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Atlantic Slave Trade Essay Research Paper Atlantic

Atlantic Slave Trade Essay, Research Paper Atlantic Slave Trade When most people talk about or think about slavery, they look at how it effected the US. The Atlantic Slave Trade had a huge effect on the US but there are no words or expressions that can describe the effects it had on Africa and its family?s. It is estimated that between 1450 and 1900, there were 11,698,000 slaves exported from Africa. (Atlantic Slave trade, pg.170) To understand the effects this had on Africa you must consider the families that lost relatives, the stores that lost business, and even the friends that lost friendships.

Atlantic Slave Trade Essay, Research Paper

Atlantic Slave Trade

When most people talk about or think about slavery, they look at how it effected the US. The Atlantic Slave Trade had a huge effect on the US but there are no words or expressions that can describe the effects it had on Africa and its family?s. It is estimated that between 1450 and 1900, there were 11,698,000 slaves exported from Africa. (Atlantic Slave trade, pg.170) To understand the effects this had on Africa you must consider the families that lost relatives, the stores that lost business, and even the friends that lost friendships. None of the misfortunes can be brought back or replaced. The many lives that were taken can never be brought back to life. This not only effected the African culture when it happened but also it effects today?s societies in Africa. The overall net effect of the Atlantic Slave Trade on Africa could never be estimated unless you are inside one of the relatives of a slave. These slaves died for no other apparent reason than the color of their skin.

The effects that the slave trade had on Africa were not all negative. Depending on what point of view your looking from, there were also some positives of the Atlantic Slave Trade. In William Bossman?s account, he states that as soon as the king arrives he will be ?satisfied with an amount of one-hundred pounds in Guinea value.? (Atlantic Slave Trade, pg.181) So the kings and most of all the slave traders benefited from the slave trade. One benefit from the Slave Trade would definitely be spiritually. The great misfortunes had to strengthen the inner souls of the people and relatives that were left behind. A lot of these people had nothing left but themselves so they had no choice but to deal with it and get stronger mentally and spiritually. One other benefit from the Slave trade would be that the African Culture was spread to totally different continents. All of these slaves were taken to different places and they went on with their business while all these other people that either owned these slaves or watched over them got to see life from the African?s side of the fence. They got to see different rituals and habits that they have never gotten to see before.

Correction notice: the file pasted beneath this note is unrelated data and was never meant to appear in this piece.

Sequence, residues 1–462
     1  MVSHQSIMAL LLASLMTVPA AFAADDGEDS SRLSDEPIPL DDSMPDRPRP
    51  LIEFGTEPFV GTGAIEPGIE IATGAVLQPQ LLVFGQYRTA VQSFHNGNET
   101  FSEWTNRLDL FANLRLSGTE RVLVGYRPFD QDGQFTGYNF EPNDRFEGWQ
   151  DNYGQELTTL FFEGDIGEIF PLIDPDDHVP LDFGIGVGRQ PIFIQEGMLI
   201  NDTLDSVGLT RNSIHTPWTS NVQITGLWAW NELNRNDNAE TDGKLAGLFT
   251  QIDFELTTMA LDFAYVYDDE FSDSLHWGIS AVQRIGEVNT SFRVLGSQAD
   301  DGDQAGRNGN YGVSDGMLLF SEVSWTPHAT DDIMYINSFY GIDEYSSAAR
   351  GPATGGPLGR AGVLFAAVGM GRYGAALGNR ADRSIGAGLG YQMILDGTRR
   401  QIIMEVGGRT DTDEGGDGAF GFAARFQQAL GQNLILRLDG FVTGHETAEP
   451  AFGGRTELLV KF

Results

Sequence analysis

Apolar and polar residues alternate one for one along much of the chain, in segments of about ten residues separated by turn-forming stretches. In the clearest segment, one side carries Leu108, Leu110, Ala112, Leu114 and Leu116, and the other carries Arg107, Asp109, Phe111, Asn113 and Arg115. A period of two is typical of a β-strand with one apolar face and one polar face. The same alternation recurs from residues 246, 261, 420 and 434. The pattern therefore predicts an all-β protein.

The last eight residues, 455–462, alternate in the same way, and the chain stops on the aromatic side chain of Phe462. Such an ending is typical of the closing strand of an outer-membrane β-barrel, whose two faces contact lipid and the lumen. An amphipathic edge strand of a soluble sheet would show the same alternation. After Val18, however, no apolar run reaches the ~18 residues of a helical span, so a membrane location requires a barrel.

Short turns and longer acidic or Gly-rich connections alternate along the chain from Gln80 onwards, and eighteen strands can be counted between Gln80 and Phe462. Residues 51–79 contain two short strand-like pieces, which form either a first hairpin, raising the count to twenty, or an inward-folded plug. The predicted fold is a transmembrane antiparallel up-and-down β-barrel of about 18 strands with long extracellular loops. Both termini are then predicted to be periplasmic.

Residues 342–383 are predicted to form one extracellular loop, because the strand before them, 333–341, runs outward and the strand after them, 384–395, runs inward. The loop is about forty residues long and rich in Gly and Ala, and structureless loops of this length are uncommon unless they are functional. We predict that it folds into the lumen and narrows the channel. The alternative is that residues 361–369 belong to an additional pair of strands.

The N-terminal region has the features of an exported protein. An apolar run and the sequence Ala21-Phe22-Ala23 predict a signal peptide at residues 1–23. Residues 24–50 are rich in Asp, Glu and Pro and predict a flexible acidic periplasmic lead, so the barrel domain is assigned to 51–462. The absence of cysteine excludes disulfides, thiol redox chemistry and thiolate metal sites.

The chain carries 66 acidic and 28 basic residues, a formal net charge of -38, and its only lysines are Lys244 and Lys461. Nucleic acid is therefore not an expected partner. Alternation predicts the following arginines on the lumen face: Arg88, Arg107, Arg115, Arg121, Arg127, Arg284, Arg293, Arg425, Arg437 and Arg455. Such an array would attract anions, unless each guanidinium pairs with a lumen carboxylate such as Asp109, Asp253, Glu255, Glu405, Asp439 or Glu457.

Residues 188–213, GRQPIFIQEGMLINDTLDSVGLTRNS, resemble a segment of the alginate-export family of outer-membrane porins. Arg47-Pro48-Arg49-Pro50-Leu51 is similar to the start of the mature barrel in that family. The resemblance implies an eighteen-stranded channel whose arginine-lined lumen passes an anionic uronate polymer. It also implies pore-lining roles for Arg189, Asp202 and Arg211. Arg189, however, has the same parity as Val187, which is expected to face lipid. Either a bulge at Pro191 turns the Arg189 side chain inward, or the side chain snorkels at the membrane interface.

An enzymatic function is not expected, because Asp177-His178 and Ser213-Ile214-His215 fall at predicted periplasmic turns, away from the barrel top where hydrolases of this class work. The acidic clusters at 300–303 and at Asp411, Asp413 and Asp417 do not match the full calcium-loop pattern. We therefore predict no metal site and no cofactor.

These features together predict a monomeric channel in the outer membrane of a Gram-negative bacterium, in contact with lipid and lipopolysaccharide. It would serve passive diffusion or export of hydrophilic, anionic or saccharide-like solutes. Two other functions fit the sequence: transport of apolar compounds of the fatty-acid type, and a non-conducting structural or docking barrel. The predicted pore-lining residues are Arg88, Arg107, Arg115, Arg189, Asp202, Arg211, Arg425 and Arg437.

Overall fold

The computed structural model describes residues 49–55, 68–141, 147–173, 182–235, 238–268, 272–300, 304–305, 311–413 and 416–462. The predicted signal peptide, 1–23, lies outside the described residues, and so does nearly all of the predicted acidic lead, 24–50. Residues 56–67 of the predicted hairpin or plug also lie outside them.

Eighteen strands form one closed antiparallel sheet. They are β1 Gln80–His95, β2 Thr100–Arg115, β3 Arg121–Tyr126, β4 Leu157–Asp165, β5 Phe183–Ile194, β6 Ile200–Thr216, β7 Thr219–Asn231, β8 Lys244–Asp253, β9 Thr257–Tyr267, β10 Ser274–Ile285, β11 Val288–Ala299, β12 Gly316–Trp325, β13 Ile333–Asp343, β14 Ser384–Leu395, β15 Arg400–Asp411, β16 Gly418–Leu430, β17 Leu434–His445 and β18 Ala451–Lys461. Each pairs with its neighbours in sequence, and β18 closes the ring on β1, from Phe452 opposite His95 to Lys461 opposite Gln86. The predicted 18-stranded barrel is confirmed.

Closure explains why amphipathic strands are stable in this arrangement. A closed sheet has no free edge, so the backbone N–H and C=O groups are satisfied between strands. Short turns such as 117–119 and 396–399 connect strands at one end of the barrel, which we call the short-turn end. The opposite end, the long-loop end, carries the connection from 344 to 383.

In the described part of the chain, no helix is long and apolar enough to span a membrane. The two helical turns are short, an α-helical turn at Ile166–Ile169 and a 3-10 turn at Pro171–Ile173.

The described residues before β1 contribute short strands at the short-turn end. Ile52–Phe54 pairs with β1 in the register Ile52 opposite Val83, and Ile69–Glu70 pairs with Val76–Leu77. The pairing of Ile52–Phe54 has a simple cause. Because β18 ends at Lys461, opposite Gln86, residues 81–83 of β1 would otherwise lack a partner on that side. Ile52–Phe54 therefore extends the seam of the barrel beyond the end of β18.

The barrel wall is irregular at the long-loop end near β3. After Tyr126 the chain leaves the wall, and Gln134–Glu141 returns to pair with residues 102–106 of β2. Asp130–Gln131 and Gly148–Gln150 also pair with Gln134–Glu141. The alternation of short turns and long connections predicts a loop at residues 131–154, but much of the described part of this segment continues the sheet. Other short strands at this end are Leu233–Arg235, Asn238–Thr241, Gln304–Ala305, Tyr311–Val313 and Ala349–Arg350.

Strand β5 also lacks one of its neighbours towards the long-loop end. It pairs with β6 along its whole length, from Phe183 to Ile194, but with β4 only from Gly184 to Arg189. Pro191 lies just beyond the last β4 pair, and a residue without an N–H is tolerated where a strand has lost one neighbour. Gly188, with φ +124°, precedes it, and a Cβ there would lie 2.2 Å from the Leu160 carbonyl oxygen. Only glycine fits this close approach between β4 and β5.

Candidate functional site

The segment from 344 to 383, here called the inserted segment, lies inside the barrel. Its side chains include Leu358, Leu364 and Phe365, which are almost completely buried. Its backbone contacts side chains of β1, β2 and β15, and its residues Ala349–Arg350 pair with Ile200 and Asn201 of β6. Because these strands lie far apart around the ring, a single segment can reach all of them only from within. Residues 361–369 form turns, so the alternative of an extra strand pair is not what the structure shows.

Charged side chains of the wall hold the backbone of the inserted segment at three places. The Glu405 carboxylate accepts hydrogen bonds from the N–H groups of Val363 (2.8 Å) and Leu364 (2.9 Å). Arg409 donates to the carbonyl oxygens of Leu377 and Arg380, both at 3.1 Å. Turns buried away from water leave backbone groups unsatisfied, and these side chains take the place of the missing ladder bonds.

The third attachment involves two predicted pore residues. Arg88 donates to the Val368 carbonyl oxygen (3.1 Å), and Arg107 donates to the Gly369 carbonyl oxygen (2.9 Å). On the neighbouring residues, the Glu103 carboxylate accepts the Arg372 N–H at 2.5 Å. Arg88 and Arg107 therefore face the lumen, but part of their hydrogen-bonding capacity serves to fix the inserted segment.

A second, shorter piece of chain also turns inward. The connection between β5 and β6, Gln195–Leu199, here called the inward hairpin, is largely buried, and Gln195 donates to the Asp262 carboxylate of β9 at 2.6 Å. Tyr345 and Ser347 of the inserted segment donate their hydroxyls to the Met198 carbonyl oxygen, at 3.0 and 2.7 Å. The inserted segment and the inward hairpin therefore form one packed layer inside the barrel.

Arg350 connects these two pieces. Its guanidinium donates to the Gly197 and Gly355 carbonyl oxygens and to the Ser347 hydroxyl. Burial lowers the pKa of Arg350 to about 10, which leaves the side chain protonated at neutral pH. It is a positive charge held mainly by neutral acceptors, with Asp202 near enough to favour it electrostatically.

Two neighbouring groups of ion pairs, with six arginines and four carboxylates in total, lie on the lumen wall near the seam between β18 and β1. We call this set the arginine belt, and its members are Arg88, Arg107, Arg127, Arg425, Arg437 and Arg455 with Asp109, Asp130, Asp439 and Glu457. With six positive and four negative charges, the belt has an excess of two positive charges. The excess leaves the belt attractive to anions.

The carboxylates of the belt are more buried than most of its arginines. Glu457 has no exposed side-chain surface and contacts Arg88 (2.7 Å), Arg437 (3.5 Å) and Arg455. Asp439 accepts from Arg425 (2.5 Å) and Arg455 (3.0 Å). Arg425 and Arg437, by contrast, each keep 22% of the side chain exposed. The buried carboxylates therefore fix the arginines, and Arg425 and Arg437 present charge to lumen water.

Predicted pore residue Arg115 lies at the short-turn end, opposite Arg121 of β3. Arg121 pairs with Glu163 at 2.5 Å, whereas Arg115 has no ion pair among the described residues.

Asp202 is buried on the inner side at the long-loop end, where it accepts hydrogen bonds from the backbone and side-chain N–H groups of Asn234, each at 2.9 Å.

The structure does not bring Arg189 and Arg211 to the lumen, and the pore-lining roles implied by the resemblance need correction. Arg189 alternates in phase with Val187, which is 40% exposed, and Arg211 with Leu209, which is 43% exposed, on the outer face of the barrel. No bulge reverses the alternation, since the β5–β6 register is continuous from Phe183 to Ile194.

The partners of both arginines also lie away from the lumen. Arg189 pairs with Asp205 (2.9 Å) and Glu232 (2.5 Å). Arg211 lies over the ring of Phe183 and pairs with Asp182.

In my opinion the drawbacks of the Slave Trade greatly outweighed the benefits for the African people. The families of these slaves still feel the drawbacks even today. When these people look back at a family tree, all this does is bring back memories of the torture that their relative or relatives endured. The continent itself took a huge hit on its population. Many of these slaves could have played a big role in Africa?s future. Many could have gone on to be nation leaders or even business owners.

In 1502, the first African slaves were reported in the New World. (Amistad.mysticseaport.com) This was the start of a great mistrocity to many families in Africa. The overall effect could never be estimated because we are not in the bodies of those people who lost loved ones. We can not feel the pain that they feel, therefore we can?t say what the net effect is or was.

Amistad.mysticseaport.com (timeline)

Bosman, William, ?Slave trading at Whydah on the Bight of Benin, ca 1700?

Lovejoy, Paul E, ?The volume of the Atlantic Slave Trade: A consensus,? Journal of African History 22 1982

Bibliography

(Atlantic Slave trade, pg.170)

(Atlantic Slave Trade, pg.181)

Amistad.mysticseaport.com (timeline)

Bosman, William, ?Slave trading at Whydah on the Bight of Benin, ca 1700?

Lovejoy, Paul E, ?The volume of the Atlantic Slave Trade: A consensus,? Journal of African History 22 1982

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